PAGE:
The rewards program has brought new customers in the door and has created loyal customers who come back again and again to spend more money. Even when customers just come in to redeem rewards, it still benefits the store because they spend time on the salesfloor, seeing what other products the store offers and possibly making impulse buys.

“There have been customers who have looked for more than an hour figuring out what to ‘buy’ with their rewards,” Vogel says. “We love it because it gets customers to shop and see what we offer. Some customers have even driven from an hour away to use a $10 reward.”

Selling gift cards at the appreciation event also guarantees many repeat trips, and the money from the gift cards has already been added to overall sales.

“The rewards program also makes it easy for customers to shop because we can look up past transactions and see what size filter they bought last time, what type of paint they used for a particular project or when they bought a drill to check if it’s still in warranty,” Vogel says.

Lee’s Home Center encourages loyalty in other ways, including allowing returns without receipts and offering the ability to reprint or email any receipt.

“Customer loyalty shows we’re doing things right and ensures future sales with repeat visits,” Vogel says. “It helps with word-of-mouth advertising, too. The more loyal a customer is, the more likely they are to recommend us to their family and friends.”

Service and Selection

At Buck’s Ace Hardware, loyalty is earned by stocking the home improvement products their customers need and providing a welcoming environment that is easy to shop. The company opened its first store in the Hurricane Valley in 1982 and now has three locations in Utah.

Owner Buck Hurst believes customers make a particular business their first choice because of the assortment of products offered. He makes sure his stores are stocked deep and wide enough to meet his customer’s needs with multiple choices available.

“If they want six of a particular item and we only have three, then we haven’t met their needs.

So, the assortment needs to be deep and the order points sufficient to meet the goal of never having something out of stock and never missing a sale,” Hurst says. “Having an assortment within the category is essential, as well. The customer will return again and again if they have learned from their experience that the inventory meets their needs every time they come.”

Hurst has found that well-trained staff who are committed to the business and its goals also lead to customer loyalty.

His employees are trained to greet customers by saying, “What can I help you find?” and close with, “Is there anything else I can help you with today?” to assure they’re fully meeting the customer’s needs.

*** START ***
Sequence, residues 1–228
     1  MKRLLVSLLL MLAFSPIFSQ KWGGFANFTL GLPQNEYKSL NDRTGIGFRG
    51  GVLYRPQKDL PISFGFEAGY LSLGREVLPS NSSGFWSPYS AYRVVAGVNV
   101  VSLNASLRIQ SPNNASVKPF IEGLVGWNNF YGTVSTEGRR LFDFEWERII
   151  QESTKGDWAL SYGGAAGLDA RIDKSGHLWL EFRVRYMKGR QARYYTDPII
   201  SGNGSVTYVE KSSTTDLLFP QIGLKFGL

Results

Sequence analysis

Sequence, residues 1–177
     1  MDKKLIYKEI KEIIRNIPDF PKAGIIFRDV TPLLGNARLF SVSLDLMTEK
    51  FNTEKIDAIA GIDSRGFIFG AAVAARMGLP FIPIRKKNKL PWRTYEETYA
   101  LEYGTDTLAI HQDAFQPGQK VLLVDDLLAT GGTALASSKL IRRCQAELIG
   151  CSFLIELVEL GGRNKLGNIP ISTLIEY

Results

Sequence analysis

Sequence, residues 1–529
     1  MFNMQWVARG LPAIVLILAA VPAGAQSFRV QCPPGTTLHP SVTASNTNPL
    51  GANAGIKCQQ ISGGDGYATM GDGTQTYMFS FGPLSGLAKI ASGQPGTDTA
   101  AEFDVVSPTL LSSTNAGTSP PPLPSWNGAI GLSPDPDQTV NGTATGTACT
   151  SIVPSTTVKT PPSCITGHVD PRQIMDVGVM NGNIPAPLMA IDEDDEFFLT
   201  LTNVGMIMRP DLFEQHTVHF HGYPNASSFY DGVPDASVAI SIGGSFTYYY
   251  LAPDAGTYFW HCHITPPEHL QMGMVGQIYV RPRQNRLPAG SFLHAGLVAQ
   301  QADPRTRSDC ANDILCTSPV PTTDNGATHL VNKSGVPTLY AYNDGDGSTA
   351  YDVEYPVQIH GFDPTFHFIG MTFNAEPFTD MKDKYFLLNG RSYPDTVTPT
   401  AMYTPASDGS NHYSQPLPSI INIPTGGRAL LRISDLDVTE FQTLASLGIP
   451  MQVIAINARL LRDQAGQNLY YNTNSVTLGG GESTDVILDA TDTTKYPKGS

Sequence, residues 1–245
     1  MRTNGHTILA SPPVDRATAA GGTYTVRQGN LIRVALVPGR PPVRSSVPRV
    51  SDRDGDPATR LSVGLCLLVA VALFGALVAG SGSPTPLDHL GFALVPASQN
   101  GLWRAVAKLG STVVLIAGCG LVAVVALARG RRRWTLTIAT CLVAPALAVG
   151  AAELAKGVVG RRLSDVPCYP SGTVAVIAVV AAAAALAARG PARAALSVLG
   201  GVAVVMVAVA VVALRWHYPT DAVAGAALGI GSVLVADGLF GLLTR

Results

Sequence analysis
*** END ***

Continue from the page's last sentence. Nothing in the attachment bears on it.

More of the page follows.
Merchandising is also key in maintaining customer loyalty at Buck’s Ace Hardware. Hurst makes sure each store has a clean and neatly organized presentation with every aisle merchandised to easily show each store’s assortment.

“Merchandising is both an art and a science. It’s an essential part of the culture that invites customers to return to our store again and again,” Hurst says. “Merchandise should always be front-faced, neat and say, ‘Welcome, we are ready to serve you.’”

Buck’s Ace Hardware’s company culture stresses that every customer is important and essential, and the rewards program the store uses through its wholesaler is a way to show appreciation to their customers.

“Our customers enjoy the benefits from the excellent rewards program,” Hurst says. “We have found from all the analytics that the rewards program adds significantly to the overall financial success of our business.”

Buck’s Ace Hardware was an early adopter of its wholesaler’s rewards program, implementing it in the Hurricane store in 2001 and adding it to the St. George store when that location opened in 2018.

Over 70 percent of customers use the rewards program in the St. George store and 65 percent in the Hurricane store. Rewards customers come to the store on average nine times a year and spend over $31 each time they come, Hurst says.

The company advertises the program through its circulars, direct mail, email and SMS messaging, but the main way it promotes it is at the registers. Employees are trained to always ask for a customer’s rewards card and if they don’t have one, they assist them in signing up for it if they want one. Hurst appreciates that the program was easy to implement and is easy to maintain. Any time there are any issues, Hurst’s co-op is quick to resolve the problem. He also takes advantage of the additional programs offered within the main rewards program to help build more loyalty.

“Those additional programs are aided in their success through the data we provide to our wholesaler, which they use to develop a more strategic market approach for the rewards programs,” Hurst says. “This is a great benefit to us, allowing us to reach a larger group of our customers with a higher redemption rate.”

Combined with a deep and wide product offering and a commitment to well-trained employees and thoughtful merchandising, the rewards program has helped build loyal customers for Buck’s Ace Hardware.

“The rewards program brings in new customers, creates repeat customers and establishes loyalty within our current base of customers, letting every customer know they are valued and rewarded,” Hurst says. “The program is a win-win for both customers and the business itself.”


Rewarding Loyalty
See how one retailer serves its contractor customers with a painters rewards program here.

About Lindsey Thompson

Lindsey joined the NHPA staff in 2021 as an associate editor for Hardware Retailing magazine. A native of Ohio, Lindsey earned a B.S. in journalism and minors in business and sociology from Ohio University. She loves spending time with her husband, two kids, two cats and one dog, as well as doing DIY projects around the house, going to concerts, boating and cheering on the Cleveland Indians.